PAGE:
Stay strong

There are always going to be people who don’t support your decision to ditch the drink. It’s a bit of a mystery when what you’re drinking doesn’t affect them, but still – unsupportive people exist and you might encounter a bit of resistance to your decision. It might not be obvious and will probably take the guise of little digs here and there (“Barry won’t get the pints in because he’s teetotal!!”), but rise above it. You’re not doing this to please anyone, you’re doing it for you – for your health, your waistline and your wallet. If you’re feeling yourself wavering in the face of peer pressure, remember that no is a perfectly valid answer. No, I don’t want a beer. No, I’ll have a Coke instead. They’ll soon get the idea.

“Soz, I’m the designated driver”

Fake it til you make it

If you’re really struggling because of peer pressure and don’t feel strong enough to stand up to it, that’s ok – it is a difficult thing to face up to and to try and change the status quo. Offer to drive, say you’re on antibiotics or make it your turn to get the drinks in (might get a bit expensive, this one, but non-alcoholic beer looks the same as actual beer, so no one will know). Alcohol Change has a few tips for alcohol refusal strategies on their blog here.

Live it

As with anything, the more you embrace the sober way of life, the more likely you are to stick with it. We’re big fans of the book This Naked Mind, which is all about controlling your intake and changing your life (if it sounds like hippy nonsense, don’t worry, it’s not) and their podcast which tackles common problems those who go sober face, like how do you overcome your social anxiety without alcohol? MAN v FAT founder Andrew was featured in one of the podcasts too, talking about his unhealthy relationship with food and alcohol and how they were connected.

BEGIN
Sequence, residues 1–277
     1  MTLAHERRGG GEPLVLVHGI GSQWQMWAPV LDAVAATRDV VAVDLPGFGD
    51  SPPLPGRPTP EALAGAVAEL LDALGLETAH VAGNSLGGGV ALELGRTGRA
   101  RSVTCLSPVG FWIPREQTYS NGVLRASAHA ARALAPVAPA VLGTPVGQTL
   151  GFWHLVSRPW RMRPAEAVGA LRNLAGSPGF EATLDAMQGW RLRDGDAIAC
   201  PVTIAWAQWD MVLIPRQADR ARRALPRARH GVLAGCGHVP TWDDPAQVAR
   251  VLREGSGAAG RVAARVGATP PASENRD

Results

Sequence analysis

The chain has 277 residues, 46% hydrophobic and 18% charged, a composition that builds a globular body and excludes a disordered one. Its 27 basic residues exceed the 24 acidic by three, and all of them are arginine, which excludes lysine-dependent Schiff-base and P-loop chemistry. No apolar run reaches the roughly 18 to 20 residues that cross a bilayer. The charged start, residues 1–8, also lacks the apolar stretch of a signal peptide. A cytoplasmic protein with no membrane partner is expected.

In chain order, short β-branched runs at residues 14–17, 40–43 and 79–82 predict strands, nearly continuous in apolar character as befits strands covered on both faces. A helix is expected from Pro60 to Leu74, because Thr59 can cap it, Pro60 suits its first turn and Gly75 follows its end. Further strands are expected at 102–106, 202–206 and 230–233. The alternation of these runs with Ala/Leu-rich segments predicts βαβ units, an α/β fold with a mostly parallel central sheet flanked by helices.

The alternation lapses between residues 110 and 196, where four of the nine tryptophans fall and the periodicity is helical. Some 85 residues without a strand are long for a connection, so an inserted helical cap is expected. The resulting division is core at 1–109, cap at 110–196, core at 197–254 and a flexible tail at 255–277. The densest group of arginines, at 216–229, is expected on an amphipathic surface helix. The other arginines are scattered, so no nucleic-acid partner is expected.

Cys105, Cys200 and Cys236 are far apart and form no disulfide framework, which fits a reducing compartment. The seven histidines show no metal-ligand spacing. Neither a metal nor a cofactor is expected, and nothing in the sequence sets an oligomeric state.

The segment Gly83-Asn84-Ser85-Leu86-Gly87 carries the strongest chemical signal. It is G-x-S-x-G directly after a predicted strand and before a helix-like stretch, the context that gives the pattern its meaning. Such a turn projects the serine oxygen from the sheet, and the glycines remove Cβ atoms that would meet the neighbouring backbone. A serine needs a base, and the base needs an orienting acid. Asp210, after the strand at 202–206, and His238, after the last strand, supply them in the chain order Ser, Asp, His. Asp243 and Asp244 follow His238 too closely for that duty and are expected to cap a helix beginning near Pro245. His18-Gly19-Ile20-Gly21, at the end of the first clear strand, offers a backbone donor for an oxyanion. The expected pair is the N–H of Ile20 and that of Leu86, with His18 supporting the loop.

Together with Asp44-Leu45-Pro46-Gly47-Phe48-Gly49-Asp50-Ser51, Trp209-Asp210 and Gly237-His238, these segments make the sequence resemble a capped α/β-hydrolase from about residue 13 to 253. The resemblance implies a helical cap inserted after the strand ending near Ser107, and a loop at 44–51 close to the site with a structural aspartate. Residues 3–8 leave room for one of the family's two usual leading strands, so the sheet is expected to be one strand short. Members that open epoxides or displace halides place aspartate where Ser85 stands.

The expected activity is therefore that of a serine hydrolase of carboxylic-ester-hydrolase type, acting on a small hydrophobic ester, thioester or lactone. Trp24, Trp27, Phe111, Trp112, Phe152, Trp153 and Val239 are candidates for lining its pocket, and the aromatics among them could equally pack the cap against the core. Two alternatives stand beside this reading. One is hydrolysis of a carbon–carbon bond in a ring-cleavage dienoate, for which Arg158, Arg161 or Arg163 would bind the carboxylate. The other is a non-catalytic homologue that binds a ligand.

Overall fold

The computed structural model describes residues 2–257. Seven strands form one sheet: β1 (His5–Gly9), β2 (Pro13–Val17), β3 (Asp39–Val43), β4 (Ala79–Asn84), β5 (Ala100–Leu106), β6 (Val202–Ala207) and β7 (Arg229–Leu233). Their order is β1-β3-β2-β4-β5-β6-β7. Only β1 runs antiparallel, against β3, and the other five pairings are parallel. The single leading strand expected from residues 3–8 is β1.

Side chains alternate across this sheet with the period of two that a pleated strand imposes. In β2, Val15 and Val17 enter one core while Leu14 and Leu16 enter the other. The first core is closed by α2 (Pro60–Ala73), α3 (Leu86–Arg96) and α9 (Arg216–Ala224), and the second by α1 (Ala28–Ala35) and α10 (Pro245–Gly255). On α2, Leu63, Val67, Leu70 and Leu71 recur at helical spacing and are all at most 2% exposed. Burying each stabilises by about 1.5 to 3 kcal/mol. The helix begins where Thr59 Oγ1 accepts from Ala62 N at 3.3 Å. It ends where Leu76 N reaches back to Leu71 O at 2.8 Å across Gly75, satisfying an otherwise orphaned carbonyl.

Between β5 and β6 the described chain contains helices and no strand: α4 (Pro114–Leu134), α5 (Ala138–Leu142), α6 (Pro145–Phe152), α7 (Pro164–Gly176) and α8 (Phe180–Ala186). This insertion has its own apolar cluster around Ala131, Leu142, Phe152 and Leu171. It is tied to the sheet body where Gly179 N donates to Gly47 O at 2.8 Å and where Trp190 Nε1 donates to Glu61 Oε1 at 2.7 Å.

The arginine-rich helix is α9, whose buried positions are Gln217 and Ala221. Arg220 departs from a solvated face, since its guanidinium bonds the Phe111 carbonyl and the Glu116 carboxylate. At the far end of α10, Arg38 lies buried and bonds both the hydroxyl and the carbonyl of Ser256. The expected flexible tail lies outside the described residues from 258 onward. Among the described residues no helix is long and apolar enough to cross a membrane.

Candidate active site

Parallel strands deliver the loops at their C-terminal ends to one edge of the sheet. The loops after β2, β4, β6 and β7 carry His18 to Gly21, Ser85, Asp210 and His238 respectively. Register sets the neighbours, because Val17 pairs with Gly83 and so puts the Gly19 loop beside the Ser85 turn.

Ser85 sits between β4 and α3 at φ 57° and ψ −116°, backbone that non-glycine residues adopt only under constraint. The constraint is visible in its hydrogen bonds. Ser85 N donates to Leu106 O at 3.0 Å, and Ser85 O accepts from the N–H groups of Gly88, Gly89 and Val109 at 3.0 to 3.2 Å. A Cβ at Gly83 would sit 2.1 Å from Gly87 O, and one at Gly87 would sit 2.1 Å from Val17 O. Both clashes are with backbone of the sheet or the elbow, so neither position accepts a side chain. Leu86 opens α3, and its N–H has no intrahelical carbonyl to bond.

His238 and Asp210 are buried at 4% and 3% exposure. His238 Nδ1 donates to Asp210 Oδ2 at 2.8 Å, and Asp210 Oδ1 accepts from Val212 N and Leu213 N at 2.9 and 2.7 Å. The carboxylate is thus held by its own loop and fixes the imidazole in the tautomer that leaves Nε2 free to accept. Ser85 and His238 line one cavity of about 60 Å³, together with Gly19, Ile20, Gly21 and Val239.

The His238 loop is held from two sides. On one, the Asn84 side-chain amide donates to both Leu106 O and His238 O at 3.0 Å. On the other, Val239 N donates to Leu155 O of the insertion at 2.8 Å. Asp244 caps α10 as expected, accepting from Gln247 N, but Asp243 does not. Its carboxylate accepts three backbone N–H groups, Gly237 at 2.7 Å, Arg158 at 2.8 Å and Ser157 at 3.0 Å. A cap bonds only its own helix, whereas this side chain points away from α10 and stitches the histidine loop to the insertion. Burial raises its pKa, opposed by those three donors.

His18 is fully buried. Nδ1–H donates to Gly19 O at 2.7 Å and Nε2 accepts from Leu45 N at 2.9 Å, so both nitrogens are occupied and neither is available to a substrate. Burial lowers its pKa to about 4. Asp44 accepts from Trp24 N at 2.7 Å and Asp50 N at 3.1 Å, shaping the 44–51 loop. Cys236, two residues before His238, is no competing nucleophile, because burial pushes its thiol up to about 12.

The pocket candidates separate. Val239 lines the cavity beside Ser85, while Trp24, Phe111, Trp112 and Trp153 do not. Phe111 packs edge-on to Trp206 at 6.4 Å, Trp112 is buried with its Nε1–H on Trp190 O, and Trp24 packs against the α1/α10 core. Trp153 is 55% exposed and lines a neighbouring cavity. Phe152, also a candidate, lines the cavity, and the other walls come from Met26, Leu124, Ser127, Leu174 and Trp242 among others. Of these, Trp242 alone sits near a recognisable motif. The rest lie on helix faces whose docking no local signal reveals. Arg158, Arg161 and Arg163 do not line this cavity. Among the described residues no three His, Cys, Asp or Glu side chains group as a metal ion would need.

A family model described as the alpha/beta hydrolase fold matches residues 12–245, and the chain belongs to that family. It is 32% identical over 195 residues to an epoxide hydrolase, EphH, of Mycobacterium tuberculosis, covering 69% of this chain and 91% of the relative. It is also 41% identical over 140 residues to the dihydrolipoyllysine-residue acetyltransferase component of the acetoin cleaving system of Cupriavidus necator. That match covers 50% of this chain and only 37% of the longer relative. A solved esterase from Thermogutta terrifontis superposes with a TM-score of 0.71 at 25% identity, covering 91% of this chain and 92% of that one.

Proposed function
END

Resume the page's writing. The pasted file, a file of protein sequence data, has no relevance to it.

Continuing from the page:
Being able to visualise how well you’re doing is a very motivational tool too. Dry January has an app, which you can get more info on here. The app is free and available for Android and iOS. It lets you record your alcohol-free streak and will tell you exactly how much money you save by staying off the drink. There are plenty of other apps available, so you can always have a reminder of how well you’re doing in your pocket.

A few websites you should add to your bookmarks are Steady Drinker (which features reviews of low-alcohol and alcohol-free beers), Hip Sobriety, Club Soda and The Sobriety Collective. They all feature interesting articles about going sober as well as advice and stories, so you can see that despite what that random friend of a friend thinks, being teetotal is not for squares or losers. It’s a huge movement and people from all walks of life are shunning the booze and reaping the benefits of waking up without a hangover, and there’s no reason why you can’t do so too.

Are you doing Dry January, or aiming for a dry 2019? Let us know how you’re getting on over on the forum.